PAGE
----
Eighteen Twelve was a Very Good Year
It was clear that something had to be done. Princeton College was not being the source any longer for Presbyterian ministers, and for that matter, any ministers. The school had turned into a secular school for careers, like law, politics, and education.
The reason for this was varied, Some saw the problem in the new president, Samuel Stanhope Smith. It wasn’t that he had no qualifications for the presidency. He himself was a graduate of the college. He had started what later became Hampden-Sydney College in Virginia. He had tutored under his father-in-law John Witherspoon as the Vice-President of Princeton, when the latter was unable physically to do it. So he had all the academic qualifications.
Of more troublesome however were questions about his lack of Calvinistic distinctives. It seemed that they were in word only as there were suggestions of an emphasis on free will in man plus scientific suggestions in place of supernatural miracles. Add to that a student rebellion, the trustees were beginning to have questions on his ability to solve these challenges in the right way.
With 400 vacant pulpits in the Presbyterian Church, the sentiment began to build for a separate theological seminary separate from Princeton College as early as 1800. By 1805 and 1808, each General Assembly was being besieged with calls for more ministers, on the mission field and in the congregations of the land. An overture to decide what kind of school was sent to the presbyteries. While hardly overwhelming for any one choice, by 1811, over $14,000 had been raised for the prospective seminary. Any professor would have to subscribe to the Westminster Standards, and the Form of Government of Presbyterianism.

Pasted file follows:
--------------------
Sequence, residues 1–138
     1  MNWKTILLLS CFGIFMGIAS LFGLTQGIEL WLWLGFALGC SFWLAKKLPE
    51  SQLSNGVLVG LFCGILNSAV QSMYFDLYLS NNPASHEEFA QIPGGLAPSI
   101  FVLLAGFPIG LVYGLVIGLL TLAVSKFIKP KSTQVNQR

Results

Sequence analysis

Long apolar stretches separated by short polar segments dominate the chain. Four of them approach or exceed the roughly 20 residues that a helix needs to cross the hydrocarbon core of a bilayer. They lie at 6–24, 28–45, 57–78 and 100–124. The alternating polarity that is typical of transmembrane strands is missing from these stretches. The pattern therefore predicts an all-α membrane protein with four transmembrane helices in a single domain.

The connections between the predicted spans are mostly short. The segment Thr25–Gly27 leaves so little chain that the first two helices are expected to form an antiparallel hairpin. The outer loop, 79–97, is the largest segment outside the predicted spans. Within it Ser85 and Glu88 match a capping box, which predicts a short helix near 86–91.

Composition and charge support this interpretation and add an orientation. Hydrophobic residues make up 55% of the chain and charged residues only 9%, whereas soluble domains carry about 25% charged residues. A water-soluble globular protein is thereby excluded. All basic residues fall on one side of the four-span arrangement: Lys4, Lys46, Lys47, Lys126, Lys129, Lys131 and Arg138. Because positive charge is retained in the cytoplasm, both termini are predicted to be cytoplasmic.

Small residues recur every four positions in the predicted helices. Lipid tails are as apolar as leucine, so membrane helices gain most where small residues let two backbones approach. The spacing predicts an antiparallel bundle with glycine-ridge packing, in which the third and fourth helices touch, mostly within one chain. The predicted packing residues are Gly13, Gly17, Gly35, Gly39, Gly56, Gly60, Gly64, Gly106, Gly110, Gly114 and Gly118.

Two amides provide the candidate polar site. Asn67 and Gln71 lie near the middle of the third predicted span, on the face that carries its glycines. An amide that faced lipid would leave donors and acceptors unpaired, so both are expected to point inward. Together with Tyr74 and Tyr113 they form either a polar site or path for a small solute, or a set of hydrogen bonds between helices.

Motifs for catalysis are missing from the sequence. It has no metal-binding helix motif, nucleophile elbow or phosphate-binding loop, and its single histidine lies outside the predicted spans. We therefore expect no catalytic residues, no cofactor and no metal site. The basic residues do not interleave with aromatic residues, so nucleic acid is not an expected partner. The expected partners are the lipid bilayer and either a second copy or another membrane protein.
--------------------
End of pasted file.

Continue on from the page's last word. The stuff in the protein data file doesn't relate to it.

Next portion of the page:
On August 12, 1812, while the nation was already at war against Great Britain, people packed the town’s Presbyterian Church for the inauguration of Dr. Archibald Alexander as the first professor of Princeton Theological Seminary. He had been chosen by the General Assembly. He preached his inaugural sermon for the worshipers, including taking his vows regarding the confessional standards and the Presbyterian form of Government. The seminary had begun, with three students. It would soon pick up and begin to send out laborers into the fields, which were white unto harvest.
Words to live by: Every reader of this historical blog should read the fine summary of Dr. David Calhoun’s two-volume work on Princeton Seminary, published by the Banner of Truth Trust in Carlisle, Pennsylvania. Filled with persons, places, and events from the founding of the school in 1812 to 1929, this school was the pillar of orthodoxy for the Presbyterian Church. Thereafter, by the testimony of J. Gresham Machen and other stalwarts, it ceased to be a Reformed and confessionally Biblical seminary. When we forget the past, we lose hope for the present and the future. When we study the past, we learn how to live in the present and the future. You will not be able to put down the two books. We promise you that!
Faculty of the Princeton Theological Seminary, 1896: G.T. Purves, J.D. Davis, G. Vos, B.B. Warfield, W.B. Greene, Jr., J.H. Dulles, H.W. Smith, F.L. Patton, W.M. Paxton, C. Martin, W.H. Green, J. De Witt.